Great for crafts and a good way to maybe inspire a new generation of gardeners.....grin
Voted more than 10 less than 20 ,nearer would be 20 to 30.... Always enjoy them though....
I really am sorry to see so many of these catalogs go to waste. They have got to be pretty expensive to put out. there must be a way to let them know not to send them, other than just not ordering the seeds. That takes a few years for them to redo all their lists to see who is buying and who isn't I am sure.
I really do not know anything about how they go about mailing them, but I do hate to see the waste.
Most seed companies just do not grok the concept of being vibrantly digital. Printed matter helped birth the industry and made it mighty big in this country, the UK, and lots of other places on the globe. They are comfortable with it.
I got lots of catalogues when I contemplated my first venture into "serious" gardening. I sent for them by using subcribe forms on seed sites - - There are some sites getting pretty savvy with using HTML-formatted e-mail newsletters and "inbox flyers" that link back to their websites, Kewl, and yet they're all still clutching onto that printed catalogue comfort food for their minds.
I now pretty much only tolerate the e-mail comms as, heck, I have all the sites I am actually liking in my browser bookmarks. I have become accustomed to digital communications - - The seed companies must not spend too much on market information because most of their advert bucks are going into old-fashioned media. I am in my sixties and I can say that !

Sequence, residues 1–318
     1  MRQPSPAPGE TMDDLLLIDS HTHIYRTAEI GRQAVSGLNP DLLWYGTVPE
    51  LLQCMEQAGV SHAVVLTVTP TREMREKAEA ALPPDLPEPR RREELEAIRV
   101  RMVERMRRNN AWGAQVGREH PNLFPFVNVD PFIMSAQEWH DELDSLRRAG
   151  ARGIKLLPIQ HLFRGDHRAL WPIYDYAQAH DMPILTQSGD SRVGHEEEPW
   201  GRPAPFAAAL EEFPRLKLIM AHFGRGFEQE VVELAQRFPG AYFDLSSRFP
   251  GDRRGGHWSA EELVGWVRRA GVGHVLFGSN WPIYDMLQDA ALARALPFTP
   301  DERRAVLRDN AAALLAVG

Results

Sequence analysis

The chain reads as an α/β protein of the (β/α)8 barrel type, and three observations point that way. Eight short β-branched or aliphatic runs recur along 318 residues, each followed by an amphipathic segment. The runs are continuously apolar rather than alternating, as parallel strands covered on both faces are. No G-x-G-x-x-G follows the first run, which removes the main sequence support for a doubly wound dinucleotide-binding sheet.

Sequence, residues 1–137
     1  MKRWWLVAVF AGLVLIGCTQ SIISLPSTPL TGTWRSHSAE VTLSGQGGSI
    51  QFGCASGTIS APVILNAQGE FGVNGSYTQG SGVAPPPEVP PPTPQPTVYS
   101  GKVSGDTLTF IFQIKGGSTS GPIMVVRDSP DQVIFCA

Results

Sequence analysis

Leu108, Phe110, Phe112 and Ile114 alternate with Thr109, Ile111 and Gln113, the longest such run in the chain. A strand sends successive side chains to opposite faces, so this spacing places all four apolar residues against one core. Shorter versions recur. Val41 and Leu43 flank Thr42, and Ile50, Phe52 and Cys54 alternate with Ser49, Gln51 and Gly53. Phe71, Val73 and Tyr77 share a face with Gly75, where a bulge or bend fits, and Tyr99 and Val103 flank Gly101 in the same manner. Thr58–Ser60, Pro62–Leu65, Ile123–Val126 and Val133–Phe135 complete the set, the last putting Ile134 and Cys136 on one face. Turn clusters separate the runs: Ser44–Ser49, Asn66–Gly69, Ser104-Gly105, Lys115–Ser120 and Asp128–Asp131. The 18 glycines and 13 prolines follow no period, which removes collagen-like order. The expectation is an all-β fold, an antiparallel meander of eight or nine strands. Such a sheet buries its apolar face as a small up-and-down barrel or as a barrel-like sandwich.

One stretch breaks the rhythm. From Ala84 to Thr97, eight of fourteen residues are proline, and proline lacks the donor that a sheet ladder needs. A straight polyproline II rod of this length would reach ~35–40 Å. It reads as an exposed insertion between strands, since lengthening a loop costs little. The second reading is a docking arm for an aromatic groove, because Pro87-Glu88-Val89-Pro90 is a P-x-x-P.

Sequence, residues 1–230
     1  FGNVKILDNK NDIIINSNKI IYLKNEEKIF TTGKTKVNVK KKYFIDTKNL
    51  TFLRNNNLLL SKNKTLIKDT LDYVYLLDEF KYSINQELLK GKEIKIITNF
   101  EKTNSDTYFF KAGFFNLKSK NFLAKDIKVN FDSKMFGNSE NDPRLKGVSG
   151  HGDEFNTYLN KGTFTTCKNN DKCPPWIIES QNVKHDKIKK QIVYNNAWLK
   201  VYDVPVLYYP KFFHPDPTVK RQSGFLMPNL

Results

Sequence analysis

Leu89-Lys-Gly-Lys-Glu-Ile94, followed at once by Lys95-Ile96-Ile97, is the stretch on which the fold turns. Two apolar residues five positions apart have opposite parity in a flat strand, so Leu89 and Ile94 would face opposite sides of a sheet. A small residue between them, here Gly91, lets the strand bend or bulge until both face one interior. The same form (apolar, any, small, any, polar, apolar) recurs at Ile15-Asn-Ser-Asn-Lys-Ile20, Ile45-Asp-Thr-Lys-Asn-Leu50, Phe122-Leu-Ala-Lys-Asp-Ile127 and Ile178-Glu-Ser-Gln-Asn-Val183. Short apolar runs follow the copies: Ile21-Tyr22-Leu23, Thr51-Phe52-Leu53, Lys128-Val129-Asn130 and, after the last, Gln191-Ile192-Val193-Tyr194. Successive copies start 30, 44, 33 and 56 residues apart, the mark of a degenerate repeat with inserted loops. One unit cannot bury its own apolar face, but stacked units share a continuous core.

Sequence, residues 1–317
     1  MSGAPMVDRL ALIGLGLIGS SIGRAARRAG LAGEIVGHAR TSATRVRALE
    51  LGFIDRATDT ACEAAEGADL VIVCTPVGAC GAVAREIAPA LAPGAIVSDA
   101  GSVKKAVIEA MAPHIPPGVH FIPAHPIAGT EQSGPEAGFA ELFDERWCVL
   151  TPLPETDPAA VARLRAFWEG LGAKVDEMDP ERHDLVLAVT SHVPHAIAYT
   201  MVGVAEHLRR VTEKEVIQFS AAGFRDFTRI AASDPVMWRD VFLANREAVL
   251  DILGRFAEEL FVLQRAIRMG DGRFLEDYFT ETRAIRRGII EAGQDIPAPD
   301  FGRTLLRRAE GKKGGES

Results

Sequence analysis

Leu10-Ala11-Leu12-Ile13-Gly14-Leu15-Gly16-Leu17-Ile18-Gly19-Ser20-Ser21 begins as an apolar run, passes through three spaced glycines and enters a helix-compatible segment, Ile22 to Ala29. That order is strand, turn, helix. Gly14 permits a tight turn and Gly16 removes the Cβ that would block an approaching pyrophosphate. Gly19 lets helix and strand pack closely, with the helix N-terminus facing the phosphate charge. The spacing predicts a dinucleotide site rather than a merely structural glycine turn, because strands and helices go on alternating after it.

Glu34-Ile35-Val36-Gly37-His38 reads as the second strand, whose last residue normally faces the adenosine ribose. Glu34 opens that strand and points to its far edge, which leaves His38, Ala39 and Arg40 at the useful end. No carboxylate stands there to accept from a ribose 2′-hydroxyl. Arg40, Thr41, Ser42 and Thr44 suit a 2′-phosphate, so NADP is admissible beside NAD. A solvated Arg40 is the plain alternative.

They are pretty crappy for using with composting because of the lead in the inks that most of them use - - this is pretty much a poison to the worms living under gardens and in worm farms. Fortunately, most of them will honour requests to cease mail-outs.
This message was edited Jan 17, 2013 1:37 AM
We brought all the clothing companies with us when we moved, or at least they followed us out here, but the seed and flower companies didn't really notice. I buy everything online anyway, and I hardly ever buy something because I got sent a catalog.
I registered with the State to open a commercial greenhouse -- and I get hundreds of catalogs, even though the greenhouse never happened (due to political opposition).
I just love the catalogs.....what fabulous reading material for the winter... My favorites are Select seeds and T&MSeeds.com (Thompsen and Morgan)...The later is one of the best. I consider it to be my garden bible (loved the older ones as they were book form and fit nicely onto the shelf as I save these for ref. books.), sooo much info.: temps., when to start and special instructions on those that need it.... not many other catalogs offer that and the selection is vast!
Wayside is great for newer plants coming to the market and total eye candy. When I was in college taking Hort. classes this was required reading and you had to buy a copy.....
Some other goodies are: Roots and Rhizomes, van Bourgondien. Gilbert Wild and Son, for peonies, Iris, Daylilies, Bulbs etc...great stock too!!!
For bulbs of all kinds: Van Engelen Inc. and John Scheepers, the latter being a wonderful color catalog, lol, more eye candy.
Fortunately I ordered from several seed catalogs last fall when on sale and got some great seeds in swaps, one due here in a week or so..
Most catalogs I read cover to cover, marking things for my wish list, learning, studying and totally memorizing..Thankyou seed companies, I don't let them go to waste...
Pix: new crop of perenns. already up and growing...come on Spring !!!!!!
Wish the seed companies would just send a postcard with their website and pass the savings of not having catalogs and postage onto the customers.